According to the World Health Organization, salmonella bacteria is one of the most common causes of foodborne illness around the world. In the United States, 1.4 million infections result in over 150,000 doctor visits, 15,000 hospitalizations, and 500 deaths each year. Although salmonella poisoning usually causes mild, self-limited gastroenteritis ("salmonellosis"), in some cases long-term effects may result.
In rare cases, salmonella escapes the intestine to enter the bloodstream. Bloodstream infection may itself be fatal and can produce long-term complications when salmonella spreads (metastasizes) from the bloodstream to infect other areas of the body. Examples of metastatic salmonella infections include infection of the heart valves and lining of the heart (endocarditis), the bone (osteomyelitis), the kidneys (pyelonephritis), and other soft tissues including the brain. Typically, these infections are slow-growing and take much longer to appear than the 12 to 72 hours associated with classic salmonella gastroenteritis. They occur rarely in healthy adults and are much more common in people with compromised immune systems (such as those with AIDS, cancer, sickle cell anemia) or multiple medical problems.
After salmonella exposure, the immune system makes antibodies to the bacteria. Unfortunately, salmonella bacteria resembles a cell surface marker present in many people. The result is an autoimmune disease cause Reiter's Syndrome, which produces chronic joint pain (arthritis), eye irritation (conjunctivitis with or without iritis) and problems with urination (urethritis). In a 2001 study presented in the journal Clinics in Infectious Disease, nearly one-third of people who were infected with Salmonella Dnteridis, one of the most common salmonella species, developed arthritis that persisted for up to 6 months, and nearly 50 percent reported recurrence after the initial episode resolved.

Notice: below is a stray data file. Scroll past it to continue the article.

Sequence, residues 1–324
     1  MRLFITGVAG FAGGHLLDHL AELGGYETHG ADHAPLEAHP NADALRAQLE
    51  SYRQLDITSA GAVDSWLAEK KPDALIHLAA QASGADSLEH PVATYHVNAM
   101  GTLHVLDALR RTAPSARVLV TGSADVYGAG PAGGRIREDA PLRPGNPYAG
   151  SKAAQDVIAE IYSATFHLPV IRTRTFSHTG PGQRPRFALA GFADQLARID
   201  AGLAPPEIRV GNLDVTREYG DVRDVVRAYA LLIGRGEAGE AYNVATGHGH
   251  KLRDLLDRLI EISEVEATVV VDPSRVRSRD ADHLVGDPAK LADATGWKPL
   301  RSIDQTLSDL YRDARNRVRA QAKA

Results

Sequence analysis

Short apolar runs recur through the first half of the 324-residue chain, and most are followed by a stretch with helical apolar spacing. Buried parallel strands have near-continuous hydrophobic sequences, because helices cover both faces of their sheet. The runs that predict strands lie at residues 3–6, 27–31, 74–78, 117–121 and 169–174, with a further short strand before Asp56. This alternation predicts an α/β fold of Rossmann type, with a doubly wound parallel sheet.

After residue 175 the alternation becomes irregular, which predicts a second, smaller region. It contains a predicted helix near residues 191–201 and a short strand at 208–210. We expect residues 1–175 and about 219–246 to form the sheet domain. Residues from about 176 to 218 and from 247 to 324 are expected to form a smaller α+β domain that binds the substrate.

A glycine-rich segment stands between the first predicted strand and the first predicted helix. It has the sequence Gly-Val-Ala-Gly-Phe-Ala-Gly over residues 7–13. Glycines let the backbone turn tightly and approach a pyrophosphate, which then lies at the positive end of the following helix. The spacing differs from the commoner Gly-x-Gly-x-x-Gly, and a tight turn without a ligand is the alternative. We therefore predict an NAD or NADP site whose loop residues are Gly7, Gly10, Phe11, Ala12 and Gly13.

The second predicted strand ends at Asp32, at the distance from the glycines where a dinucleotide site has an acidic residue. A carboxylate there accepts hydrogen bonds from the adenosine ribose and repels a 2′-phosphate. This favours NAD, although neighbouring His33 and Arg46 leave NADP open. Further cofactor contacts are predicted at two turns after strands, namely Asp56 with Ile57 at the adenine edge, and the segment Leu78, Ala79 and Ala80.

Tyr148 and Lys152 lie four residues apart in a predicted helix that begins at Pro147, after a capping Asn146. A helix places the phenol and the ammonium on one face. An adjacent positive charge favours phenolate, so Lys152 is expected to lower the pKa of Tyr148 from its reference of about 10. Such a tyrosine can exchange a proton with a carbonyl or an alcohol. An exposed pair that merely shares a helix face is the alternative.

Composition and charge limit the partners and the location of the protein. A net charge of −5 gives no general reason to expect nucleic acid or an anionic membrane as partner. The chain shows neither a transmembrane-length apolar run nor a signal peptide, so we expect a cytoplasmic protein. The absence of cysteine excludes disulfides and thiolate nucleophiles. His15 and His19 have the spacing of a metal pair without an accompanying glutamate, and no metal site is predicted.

In some cases, individuals recover from salmonella infection to become chronic carriers. The most famous example of a human chronic carrier of salmonella is "Typhoid Mary." J.W. Leavitt's 1996 book "Typhoid Mary: Captive to the Public's Health" recounts the true tale of the asymptomatic Irish-American cook linked to 54 cases and four deaths in nine different typhoid fever epidemics in early 1900s New York City.
Nowadays, chronic carrier states can usually be eradicated with an extended course of antibiotics, although individuals may be subject to restrictions on the type of work they may perform in the interim. Most chronic carriers are asymptomatic. However, patients with AIDS and other types of immune compromise may suffer repeated bouts of recurrence before antibiotics are effective.